Wednesday, May 27, 2009

Myraid Out Of My Genes!

When patients get bad news from their doctors, they often seek second opinions before launching into frequently expensive, invasive, and painful treatments. But when I learned I was a carrier of the BRCA2 mutation, I wasn't able to access a second opinion. I couldn't send my blood out to another testing center for confirmation of the presence of the deleterious gene. Why? Because the company that tested my blood OWNS THE PATENT ON THE BRCA1 AND 2 GENES. You read that right. They don't own the patent on the technology behind the test; they own the gene.

The company in question, Myriad, based in Salt Lake City, Utah, is now being sued by the American Civil Liberties Union. The lawsuit, filed May 12, argues that gene patents are unconstitutional. In addition to hindering research, the patents allow Myriad to operate as a monopoly, setting the price of the gene test out of the reach of people who need it most. (The test costs about $3000; luckily, insurance covered most of the cost of my test because my father was already known to be a carrier.)

Needless to say, I'm thrilled about the turn of events. (Myraid Genetics had a table in the exhibits hall at the FORCE conference last week, and when a representative tried to strike up conversation with me, I snapped gleefully, "Oh! You are being sued!") Not only does the lawsuit put BRCA in the news (where, hopefully more people will learn about it and those with family histories will ask their doctors about it) but it also highlights the inequality in care available to poor and minority communities in this country. Even if I didn't have insurance, I, luckily, would have been able to afford the test. But there are so many other women out there for whom the test would be out of their financial reach. With so many uninsured women forgoing routine mammograms and other crucial screening tests, breast cancer too often kills in communities whose barriers to care are the highest. If the ACLU sucessfully argues that Myriad's gene patents are illegal, competition can drive down cost and more families can access the test, allowing them make important decisions about their current and future health.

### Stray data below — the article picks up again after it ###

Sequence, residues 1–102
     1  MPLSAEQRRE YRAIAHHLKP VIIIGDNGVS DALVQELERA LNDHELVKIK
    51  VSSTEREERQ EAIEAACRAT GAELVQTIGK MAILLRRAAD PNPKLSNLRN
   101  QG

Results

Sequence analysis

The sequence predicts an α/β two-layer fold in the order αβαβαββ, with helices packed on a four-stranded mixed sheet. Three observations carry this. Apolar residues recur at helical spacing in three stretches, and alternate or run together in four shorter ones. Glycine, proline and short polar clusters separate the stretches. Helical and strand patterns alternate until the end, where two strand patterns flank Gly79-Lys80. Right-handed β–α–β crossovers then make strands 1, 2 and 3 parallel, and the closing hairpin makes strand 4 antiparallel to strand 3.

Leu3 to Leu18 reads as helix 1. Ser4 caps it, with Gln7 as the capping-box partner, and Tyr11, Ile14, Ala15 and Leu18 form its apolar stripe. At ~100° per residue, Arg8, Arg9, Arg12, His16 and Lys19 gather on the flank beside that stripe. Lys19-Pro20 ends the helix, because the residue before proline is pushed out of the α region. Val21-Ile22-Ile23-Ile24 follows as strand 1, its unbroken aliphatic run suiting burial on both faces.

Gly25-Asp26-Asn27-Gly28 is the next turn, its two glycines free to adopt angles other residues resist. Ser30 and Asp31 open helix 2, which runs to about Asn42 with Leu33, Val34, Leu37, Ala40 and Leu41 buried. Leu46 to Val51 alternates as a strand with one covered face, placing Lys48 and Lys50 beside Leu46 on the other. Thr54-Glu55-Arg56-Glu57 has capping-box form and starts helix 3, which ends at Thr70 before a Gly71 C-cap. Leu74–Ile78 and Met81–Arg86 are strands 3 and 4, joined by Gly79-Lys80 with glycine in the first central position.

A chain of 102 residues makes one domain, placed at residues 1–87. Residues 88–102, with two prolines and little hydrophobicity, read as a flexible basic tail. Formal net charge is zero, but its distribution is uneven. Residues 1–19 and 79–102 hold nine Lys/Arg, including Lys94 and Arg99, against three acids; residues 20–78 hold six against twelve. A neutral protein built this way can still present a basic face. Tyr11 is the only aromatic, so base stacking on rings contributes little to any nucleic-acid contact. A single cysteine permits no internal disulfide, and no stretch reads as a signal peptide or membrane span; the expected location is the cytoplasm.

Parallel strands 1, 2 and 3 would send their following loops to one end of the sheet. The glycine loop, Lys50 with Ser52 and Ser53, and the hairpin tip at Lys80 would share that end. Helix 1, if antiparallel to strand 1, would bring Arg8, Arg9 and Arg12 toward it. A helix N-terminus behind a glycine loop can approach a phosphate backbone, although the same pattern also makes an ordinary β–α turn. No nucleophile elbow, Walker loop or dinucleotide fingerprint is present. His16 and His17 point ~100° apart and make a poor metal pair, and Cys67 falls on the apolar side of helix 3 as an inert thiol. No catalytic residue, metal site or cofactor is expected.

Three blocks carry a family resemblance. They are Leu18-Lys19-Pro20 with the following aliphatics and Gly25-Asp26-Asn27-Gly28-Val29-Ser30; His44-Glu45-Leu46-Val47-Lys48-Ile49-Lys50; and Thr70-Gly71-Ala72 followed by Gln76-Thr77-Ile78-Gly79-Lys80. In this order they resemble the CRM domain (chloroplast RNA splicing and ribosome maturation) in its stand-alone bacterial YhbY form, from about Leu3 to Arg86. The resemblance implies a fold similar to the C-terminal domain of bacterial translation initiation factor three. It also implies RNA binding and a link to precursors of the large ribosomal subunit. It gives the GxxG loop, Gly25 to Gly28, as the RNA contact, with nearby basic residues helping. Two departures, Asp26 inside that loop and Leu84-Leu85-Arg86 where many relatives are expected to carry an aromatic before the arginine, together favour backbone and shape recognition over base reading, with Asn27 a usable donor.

These patents, and the lawsuit, impact everyone who is affected by hereditary cancer. You can read much more about the ACLU's efforts here. If you feel passionately that companies should not have the right to own part of the human genome, consider signing this message of support. And check out the thoughts of Joanna Rudnick, director of the documentary In the Family, over at Huffington Post. Or, at the very least, watch this video below.

1 comment:

  1. Yes!

    I just learned about this recently and at first was does one patent a gene???

    Then I got pissed. How could this happen???

    Great post, fab info -- good for you :D